An Angel for Emily
An Angel for Emily could best be described as a contemporary/paranormal/suspense/reincarnation/romance story, or, in other words, too much. You know how stress can make you feel like eating a whole bag of Oreos in one sitting? Well, that’s about how I felt when I finished reading this book; I was confused. I couldn’t decide whether I liked it or not. There were things about the story I enjoyed. But there were significant problems, chief among them that I didn’t buy the premise. As you’d expect, that pretty much cast a pall over the entire read.
Emily Todd has apparently been through several reincarnations over the centuries before arriving as her present, modern-day self. She is driving recklessly down a country road and crashes into the hero. The hero is her guardian angel, who has loved her from afar over the eons and has come down to earth to rescue her from impending doom. I say hero here without divulging his name because, even after I knew his name, it bothered me to use it. Why, you ask? Because the hero chose the body of a Michael Chamberlain, a man recently shot to death in prison, as the body to materialize with. An angel in a dead man’s body and I am suppose to accept this person as the hero? This gave me the creeps. I could not understand how a guardian angel with supernatural abilities could not have created his own, believable earthly form complete with all the necessary papers.
Emily at first also had trouble believing the whole Michael/guardian angel thing. However, in order for the story to proceed, she had to eventually buy what Michael was selling and she did. As for me, I had to gloss over this little, macabre detail in order to keep reading the book, but it was always lurking in the back of my mind.
Emily and Michael team up as private investigators of sorts to ferret out the source of evil that Michael senses envelopes Emily in its aura. As I said earlier, Michael is already in love with Emily. It comes as no surprise when Emily realizes that she loves Michael. Subsequently, they consummate their relationship. How they consummate their relationship, however, merely drives another nail into the coffin of my disbelief. Imagine if you will making love to a man with huge, white, feathery. . .wings. Yes, this really does happen. Then to add a little spice to their burgeoning love life, Michael uses his white, fluffy wings to fly himself and Emily up into a tree so they can “do it” again. Excuse my slang, but this just totally ruded me out.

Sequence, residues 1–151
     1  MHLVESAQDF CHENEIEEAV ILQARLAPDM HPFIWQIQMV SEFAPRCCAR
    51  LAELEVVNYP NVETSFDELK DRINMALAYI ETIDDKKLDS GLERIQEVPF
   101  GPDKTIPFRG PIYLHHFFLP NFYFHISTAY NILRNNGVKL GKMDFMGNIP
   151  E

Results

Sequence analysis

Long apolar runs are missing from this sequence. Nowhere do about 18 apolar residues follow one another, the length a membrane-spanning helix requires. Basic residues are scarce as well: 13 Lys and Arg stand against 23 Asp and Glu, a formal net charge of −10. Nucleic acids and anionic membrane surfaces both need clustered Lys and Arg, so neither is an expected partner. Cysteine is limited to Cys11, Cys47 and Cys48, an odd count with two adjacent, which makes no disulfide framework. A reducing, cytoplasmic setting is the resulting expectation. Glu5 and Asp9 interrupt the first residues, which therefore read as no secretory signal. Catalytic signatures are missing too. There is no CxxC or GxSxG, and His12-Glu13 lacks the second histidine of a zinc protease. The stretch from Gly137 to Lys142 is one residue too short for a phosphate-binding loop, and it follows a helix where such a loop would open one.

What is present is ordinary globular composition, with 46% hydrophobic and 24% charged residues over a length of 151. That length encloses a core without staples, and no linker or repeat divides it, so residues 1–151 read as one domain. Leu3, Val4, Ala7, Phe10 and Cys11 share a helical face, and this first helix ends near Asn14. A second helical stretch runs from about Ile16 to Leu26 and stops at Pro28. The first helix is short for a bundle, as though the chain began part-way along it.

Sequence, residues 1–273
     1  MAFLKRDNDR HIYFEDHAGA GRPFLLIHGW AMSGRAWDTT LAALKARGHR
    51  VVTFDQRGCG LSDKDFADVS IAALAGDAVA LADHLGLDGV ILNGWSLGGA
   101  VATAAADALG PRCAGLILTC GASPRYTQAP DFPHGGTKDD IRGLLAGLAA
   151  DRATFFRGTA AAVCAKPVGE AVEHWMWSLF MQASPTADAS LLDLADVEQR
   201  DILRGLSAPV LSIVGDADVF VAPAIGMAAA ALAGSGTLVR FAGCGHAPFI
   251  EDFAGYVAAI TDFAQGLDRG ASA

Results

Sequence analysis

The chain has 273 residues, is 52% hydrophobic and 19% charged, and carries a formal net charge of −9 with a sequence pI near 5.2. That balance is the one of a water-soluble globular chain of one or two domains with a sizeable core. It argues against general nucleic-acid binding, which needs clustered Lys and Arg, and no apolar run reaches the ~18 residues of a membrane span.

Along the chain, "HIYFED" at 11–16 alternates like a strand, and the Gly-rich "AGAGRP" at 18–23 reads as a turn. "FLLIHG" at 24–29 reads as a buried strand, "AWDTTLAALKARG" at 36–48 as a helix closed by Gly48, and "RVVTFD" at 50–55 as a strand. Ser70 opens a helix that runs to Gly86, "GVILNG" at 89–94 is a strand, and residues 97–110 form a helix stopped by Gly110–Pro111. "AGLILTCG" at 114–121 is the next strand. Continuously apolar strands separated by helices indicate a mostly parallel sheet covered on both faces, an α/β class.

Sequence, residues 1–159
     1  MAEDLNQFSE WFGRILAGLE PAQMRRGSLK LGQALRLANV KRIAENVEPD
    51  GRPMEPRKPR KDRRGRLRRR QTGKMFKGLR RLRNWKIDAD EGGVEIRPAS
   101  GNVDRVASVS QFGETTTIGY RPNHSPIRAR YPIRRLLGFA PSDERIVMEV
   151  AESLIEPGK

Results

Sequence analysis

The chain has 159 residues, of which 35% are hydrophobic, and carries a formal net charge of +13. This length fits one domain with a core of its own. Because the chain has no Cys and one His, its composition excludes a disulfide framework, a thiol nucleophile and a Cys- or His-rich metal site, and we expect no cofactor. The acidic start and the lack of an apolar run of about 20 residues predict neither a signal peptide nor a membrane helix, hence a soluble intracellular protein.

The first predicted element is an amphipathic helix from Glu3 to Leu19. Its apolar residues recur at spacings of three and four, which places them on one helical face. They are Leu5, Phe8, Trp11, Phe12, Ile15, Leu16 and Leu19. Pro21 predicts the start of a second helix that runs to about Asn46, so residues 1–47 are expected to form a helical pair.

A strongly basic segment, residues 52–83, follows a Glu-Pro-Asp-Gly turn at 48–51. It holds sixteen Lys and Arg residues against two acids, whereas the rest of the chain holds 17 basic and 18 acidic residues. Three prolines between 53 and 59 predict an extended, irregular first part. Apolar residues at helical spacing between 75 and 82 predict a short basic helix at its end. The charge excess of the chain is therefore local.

Angels in dead bodies aside, another problem this book had was that it had too much going on at once. It was first and foremost a paranormal, but then, like I said, there was a little reincarnation included and, also, a pitiful attempt at suspense was thrown in for good measure. The suspense element of the plot seemed to operate independently of the rest of the story. I felt it was added in an attempt to intensify the sense of danger we were suppose to feel as Emily and Michael pursued the ubiquitous evil. Oh, and lest I forget, the religious overtones were overdone to the extent that several times while I was reading this book I felt as though I was sitting through a Sunday sermon about the wonders of God.
Oddly enough, there were elements of this book I truly liked. If I could just forget that the hero was in angel in a dead man’s body and the wing thing, I liked the chemistry between Michael and Emily. In my opinion, if these two characters were given a different book to tell their story, I think it could have been a fabulous romance.
The author interjected some wonderful touches of humor. As an angel unused to earthly communication, Michael continually struggles with idiomatic English phrases. My personal favorite is when he tells Emily to “Elk up” when what he meant was “Buck up”. I have taken to using “Elk up” around the house just because I like the way it sounds. Another thing I liked were these cute, whimsical little ghosts who assisted Michael and Emily in various endeavors.
Michael and Emily had good chemistry and loved each other. They deserved a better story, and they certainly deserved a better ending – I don’t want to give away the story, but I will say that it involved another dead body, and that the whole process gave me the heebie-jeebies.
An Angel for Emily is not a lost cause. Though I could not believe the premise of the story, I enjoyed the lead characters, dead bodies notwithstanding. Ultimately, however, the book gave me the creeps, and there were enough bodies rising from the dead that I had to check several times to make sure I wasn’t reading a version of The Night of the Living Dead. I still can’t figure out who Michael Chamberlain really was, but Emily Todd did, and I guess that might be what really counts.